Pollution in the ground water: Well water in Maine is contaminated with PFAs, and it’s compounding

Friday, October 05, 2018 by

Investigators have finally found out the horrific origin of the toxic chemicals in groundwater discovered in southwest Maine last spring. Seacoast Online reported that the per- and polyfluoroalkyl substances (PFAs) in the West Kennebunk well came from a small farm that served as a dumping ground for biosludge and corporate wastewater decades ago.

Various parties traced the contamination to Stoneridge Farm. The tiny dairy farm sits on land that got drenched by a septic cocktail of sewer sludge from the Kennebunk and Ogunquit districts plus fly ash and sludge from the S.D. Warren paper mill during the 1980s.

To make things worse, that wastewater and biosludge had been sprayed across the soil in order to enhance its fertility. This used to be the prevailing practice in Maine and the rest of the U.S. thirty years ago. (Related: New “recycling” technology is actually CANNIBALISM: Dead people are liquefied, drained into city sewers, then dumped on food crops as “biosludge.”)

The EPA defines PFAs as a class of toxic artificial chemicals used to make a huge array of stain-resistant, waterproof and/or nonstick products.

An “emerging contaminant”

Kennebunk, Kennebunkport and Wells Water District Superintendent Norm Labbe explained that the EPA set limits of 70 parts per trillion (ppt) for PFOA and PFOs. The Kimball Lane well tested at 50 ppt, but the district chose to close it.

“The fact is, this is an emerging issue,” explained Kerri Malinowski of Maine’s Department of Environmental Protection (DEP). “We continue to see the science evolve on this.”

There are differing opinions on the ultimate origin of the contaminants in the Kimball Lane well. Labbe blames the sludge or fly ash from the S.D. Warren paper mill. Attorney John Lambert conveyed the belief of his client, Fred Stone of Stoneridge Farm, that sewer district biosludge is responsible.

“I’m saying that this is the result of something that happened in the past, and it seems that we don’t know what the source is specific to the contamination,” Malinowski said.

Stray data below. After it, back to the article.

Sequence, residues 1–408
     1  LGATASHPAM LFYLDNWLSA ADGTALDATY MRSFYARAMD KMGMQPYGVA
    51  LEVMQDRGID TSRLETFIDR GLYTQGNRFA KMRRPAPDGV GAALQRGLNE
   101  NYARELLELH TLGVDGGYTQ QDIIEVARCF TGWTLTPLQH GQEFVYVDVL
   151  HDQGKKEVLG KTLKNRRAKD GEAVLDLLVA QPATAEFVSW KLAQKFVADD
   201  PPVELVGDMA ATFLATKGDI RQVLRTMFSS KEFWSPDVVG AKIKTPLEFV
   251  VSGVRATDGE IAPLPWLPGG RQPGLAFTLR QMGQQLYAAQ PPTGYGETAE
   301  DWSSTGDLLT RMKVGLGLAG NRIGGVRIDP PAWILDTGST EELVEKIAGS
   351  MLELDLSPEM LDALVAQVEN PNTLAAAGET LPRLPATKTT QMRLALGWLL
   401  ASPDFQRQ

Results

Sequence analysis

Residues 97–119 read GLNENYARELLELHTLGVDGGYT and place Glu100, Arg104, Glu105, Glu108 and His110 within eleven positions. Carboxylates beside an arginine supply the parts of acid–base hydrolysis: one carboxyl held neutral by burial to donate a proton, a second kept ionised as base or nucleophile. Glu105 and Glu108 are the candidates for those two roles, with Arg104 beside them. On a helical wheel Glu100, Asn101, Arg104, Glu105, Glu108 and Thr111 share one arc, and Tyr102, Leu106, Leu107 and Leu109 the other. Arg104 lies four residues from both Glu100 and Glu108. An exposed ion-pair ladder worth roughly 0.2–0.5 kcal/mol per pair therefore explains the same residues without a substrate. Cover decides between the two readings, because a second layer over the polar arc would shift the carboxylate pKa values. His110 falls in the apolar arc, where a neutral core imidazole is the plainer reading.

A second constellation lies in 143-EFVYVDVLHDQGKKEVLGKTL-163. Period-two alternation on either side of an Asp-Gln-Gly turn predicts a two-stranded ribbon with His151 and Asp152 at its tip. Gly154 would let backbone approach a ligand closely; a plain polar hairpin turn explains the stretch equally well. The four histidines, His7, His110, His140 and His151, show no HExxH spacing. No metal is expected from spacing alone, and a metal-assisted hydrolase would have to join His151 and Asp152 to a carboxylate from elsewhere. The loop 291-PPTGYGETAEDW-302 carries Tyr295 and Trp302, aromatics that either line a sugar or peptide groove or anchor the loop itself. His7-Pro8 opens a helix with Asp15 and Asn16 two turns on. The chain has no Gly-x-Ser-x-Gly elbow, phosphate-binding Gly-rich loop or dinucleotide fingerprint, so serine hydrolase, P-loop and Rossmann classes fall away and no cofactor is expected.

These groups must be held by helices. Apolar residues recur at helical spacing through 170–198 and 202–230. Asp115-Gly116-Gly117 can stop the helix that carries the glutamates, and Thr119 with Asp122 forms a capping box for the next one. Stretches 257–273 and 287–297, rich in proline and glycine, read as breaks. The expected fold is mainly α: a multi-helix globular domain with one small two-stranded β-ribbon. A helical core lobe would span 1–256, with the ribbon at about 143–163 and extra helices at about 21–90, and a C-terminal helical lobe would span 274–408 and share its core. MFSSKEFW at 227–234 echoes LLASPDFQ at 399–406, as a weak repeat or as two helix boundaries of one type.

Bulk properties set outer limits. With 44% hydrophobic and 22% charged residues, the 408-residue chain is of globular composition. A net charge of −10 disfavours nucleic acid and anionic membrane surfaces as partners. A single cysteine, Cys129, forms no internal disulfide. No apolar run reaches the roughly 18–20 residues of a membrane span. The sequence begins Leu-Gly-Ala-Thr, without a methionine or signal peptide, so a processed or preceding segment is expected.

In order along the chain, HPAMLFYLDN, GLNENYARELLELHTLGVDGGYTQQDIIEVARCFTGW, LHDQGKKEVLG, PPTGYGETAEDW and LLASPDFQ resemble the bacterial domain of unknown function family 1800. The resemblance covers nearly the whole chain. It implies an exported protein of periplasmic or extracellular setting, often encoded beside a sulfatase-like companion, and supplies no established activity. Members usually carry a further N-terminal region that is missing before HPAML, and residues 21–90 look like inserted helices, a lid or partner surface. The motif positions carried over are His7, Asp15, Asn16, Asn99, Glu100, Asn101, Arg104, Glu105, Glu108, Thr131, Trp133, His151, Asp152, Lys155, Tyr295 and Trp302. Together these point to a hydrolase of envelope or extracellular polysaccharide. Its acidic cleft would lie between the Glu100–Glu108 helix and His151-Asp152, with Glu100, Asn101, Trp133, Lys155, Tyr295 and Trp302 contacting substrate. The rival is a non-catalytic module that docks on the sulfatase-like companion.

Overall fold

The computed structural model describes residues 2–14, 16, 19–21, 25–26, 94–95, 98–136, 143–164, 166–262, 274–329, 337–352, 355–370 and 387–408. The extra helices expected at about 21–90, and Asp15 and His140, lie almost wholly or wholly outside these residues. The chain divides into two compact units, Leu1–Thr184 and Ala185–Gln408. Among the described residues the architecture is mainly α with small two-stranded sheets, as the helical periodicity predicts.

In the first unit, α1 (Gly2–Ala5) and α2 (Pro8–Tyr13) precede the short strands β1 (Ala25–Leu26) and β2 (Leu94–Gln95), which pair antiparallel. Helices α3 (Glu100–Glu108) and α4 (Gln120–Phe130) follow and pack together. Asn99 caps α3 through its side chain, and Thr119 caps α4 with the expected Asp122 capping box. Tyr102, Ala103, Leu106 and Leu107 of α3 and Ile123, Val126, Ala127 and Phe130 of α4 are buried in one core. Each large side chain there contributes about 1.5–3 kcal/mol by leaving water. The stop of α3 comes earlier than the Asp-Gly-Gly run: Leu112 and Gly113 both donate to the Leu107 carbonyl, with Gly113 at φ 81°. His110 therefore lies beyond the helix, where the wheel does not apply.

“It’s impossible to go back in time and look at that.”

Closing the barn door after the cow got contaminated

The DEP first detected the presence of PFAs in the Kimball Lane well in the spring of 2016. They warned the water district, who began looking into the origin of the contaminants.

According to Labbe, the sample drawn from Stoneridge Farm had high levels of PFAs. Positioned right next to the household well of the Stone family, the monitoring well registered an alarming 140 ppt, twice the limit set by the EPA.

Further testing localized Stoneridge Farm as the sole source of the PFAs that polluted the Kimball Lane well. In a written letter dated Nov. 3, 2016, Labbe informed Stone about the dangerous levels of chemicals in his well water.

Stone’s attorney said that his client warned his two major customers, the U.S. Department of Agriculture and Oakhurst Dairy. The latter replied that it would stop buying milk from Stone for the time being.

“Research shows that these types of compounds can accumulate in milk when tainted water or feed is consumed by dairy cattle,” Oakhurst had written back. “Providing a safe, quality product for our consumers is our highest priority. Thus, we feel we need to monitor the situation with PFOA/PFOS at your farm very closely.”

In a data report issued on Feb. 24, 2017, the DEP confirmed the presence of PFAs in various bodies of water in the Stoneridge farm. When they tested the milk tank, the results showed 690 ppt, nearly 10 times the EPA safe limit.

The DEP also took a dozen soil samples. PFAs readings reached as high as 896,200 ppt. However, the safe limit for soil is different.

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